The Balancing Act® E-Newsletter: January 2001
Happy New Year to all! I'm in Vermont scarring the slopes, so Balancing Act® is being sent before I lose my balance on the blue hills.
Balancing Act® is in four sections this month:
- Techniques for balance
There is a "funk" that often accompanies the Holiday Season and which reaches its nadir in the dark shadows cast by the beginning of a new year. As a very successful sales person said to me once, "We're heroes for beating plan on December 31, and on January 1 we're all working stiffs behind plan again." That's a tad severe, but here is my recipe for avoiding the January darkness. Don't take it lightly, because this can often be a near-clinically depressing period.
- Rejoice in experiences gained, don't bemoan time lost. Sure, you didn't get to everything and now you're a year older. But you did get to a lot, and it's time to celebrate the accomplishments.
- Savor the memories of those you've lost, don't engage in "If only I had..." The lives of our family, loved ones, pets, and friends are meant to give purpose to ours, not to bring us to a grinding halt.
- Decide what it is you've really failed to accomplish that's important to you, and make a plan, with weekly goals, to do it. Here's a hint: Playing the piano well might not be within your competency, but appreciating music probably is. Focus on the reasonable, and don't self-flagellate. (Which is why I'm reading a great book at the moment, called "The History of Art." Finally, I'll know something.)
- Get away. We tend to visit or entertain over the Holidays, but we rarely go away in early January. Even if it's a day trip, get out of the house. Go to a day spa. Don't simply face the Holiday detritus. Break free.
- Change something fundamental about yourself or your life. Reinvent yourself, however modestly. Shave off your mustache. It worked for me. (Okay, I'm addressing men there, but of course women might also think about...) Change your makeup, or your "look," or your hair. Like Ronnie Milsap's terrific song, I see too many people "Lost in the 50s..."
- Volunteer for some cause, even if it's for a short duration. Not only will you enjoy the "high" gained from helping others, but you'll realize in short order just how well off you really are.
- Start practicing positive self-talk (see Seligman's book, "Learned Optimism" if you want the psychological basis). What I mean is, give yourself credit for victories and walk away from the defeats. Neither tends to be permanent nor pivotal. Learn to like yourself better. Why should I like you if you don't?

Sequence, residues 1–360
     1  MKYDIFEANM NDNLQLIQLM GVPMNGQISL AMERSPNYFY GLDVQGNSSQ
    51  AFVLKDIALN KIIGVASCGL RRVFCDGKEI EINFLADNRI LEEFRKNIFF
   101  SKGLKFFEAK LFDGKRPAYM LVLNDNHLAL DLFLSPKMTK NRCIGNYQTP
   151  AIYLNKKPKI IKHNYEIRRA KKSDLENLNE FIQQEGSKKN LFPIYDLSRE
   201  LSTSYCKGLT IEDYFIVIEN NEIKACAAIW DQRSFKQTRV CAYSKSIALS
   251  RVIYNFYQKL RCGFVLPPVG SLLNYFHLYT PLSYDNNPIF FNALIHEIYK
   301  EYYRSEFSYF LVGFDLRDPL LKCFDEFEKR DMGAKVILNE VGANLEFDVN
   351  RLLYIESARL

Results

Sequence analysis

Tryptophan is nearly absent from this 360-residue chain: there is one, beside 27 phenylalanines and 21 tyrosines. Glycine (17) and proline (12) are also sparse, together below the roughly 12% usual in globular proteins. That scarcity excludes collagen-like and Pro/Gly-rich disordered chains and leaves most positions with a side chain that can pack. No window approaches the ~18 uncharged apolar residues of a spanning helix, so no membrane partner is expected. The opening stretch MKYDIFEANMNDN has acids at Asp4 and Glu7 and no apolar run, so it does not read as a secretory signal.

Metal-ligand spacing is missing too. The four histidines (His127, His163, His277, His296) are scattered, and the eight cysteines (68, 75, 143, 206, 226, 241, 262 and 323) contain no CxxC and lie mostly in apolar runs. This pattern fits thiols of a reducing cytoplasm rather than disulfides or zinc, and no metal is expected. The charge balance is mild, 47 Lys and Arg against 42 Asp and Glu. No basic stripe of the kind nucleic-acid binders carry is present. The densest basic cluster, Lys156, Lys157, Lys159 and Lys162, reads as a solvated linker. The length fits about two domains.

- Go to a truly funny movie (that is, one where the "humor" does not derive from repeated obscenities or flatulence). Laugh out loud. Hey, go to two movies. You can probably do that for under $100 if you don't live in New York.
- Go shopping. No, I mean it. Buy something for yourself. The gift return zealots will have already done their work, so the stores should be reasonably navigable. (If you can't think of anything to buy yourself, then buy me something.)
- Watch a dog chase a squirrel. (I'm watching that act right now, in the back yard, while I type.) The dog never, ever catches the squirrel, no matter how clever the stratagem. The squirrel always returns the next day, no matter how close the call. Both seem entirely happy about that scheme of things and their place in the cosmos. Why shouldn't you be?
So a guy calls me the other day and says, no kidding, "I've heard about you and your mentor program. I'd like to consider being a part of it. I'm calling to get five references to see if you're really any good. Also, although I've never read any of your books, this concept of value pricing you're credited with makes no sense to me, and I don't see how it can work. What's your reaction?"
"How long have you been in consulting?" I asked, already knowing the answer.
"Oh, I'm just retiring from my job, and an entering the profession. But, hey, you're not going to tell me that just because you've been doing it longer you're smarter than I am, are you?"
I wasn't, but only because I hung up.
Most people trip through life because their ego is hanging down around their ankles, getting in the way of their feet. I think that a healthy ego is important to success and emotional well-being, but I think egocentricity is a form of self-absorption that borders on implosion.
We need to understand that confidence is based on the belief that you can help others to learn, arrogance is based on the belief that we have nothing left to learn ourselves, and smugness on the belief that we don't need to learn. Egocentricity is smugness raised to an art form.
The people most intent on preserving delicate egos are, perforce, the most insecure. Any slight, intended or inadvertent, can puncture the delicate fabric of their well being. Consequently, they tend to excel at offense, because defense is so dangerous. (I believe that here is where you'll find most passive-aggressives lurking--that most hateful of all personality disorders.)
We see egocentricity in oneupsmanship: "You were in Rio? Ah, but you missed Carnival, which is why we went when we did." We see it in volume over logic: The lout who continually breaks in on our conversation, too busy telling us why we're wrong to listen to what we're actually saying. We see it in gamesmanship: Asking questions of dubious worth to throw the other party off track and off their subject. And we see it in the "ignorant expert": The person lecturing us on wine who doesn't realize that someone at the table really does know about wine, and that sniffing the cork only makes you look like a stunned Labrador Retriever. (I was in my favorite coffee shop a few weeks back when some guy entered and, seeing my car parked down the block, lectured the room on Ferraris. He got the model wrong, the performance wrong, the engine wrong, and the price wrong. Then he said that he was sure the owner wasn't sitting in any coffee shop.)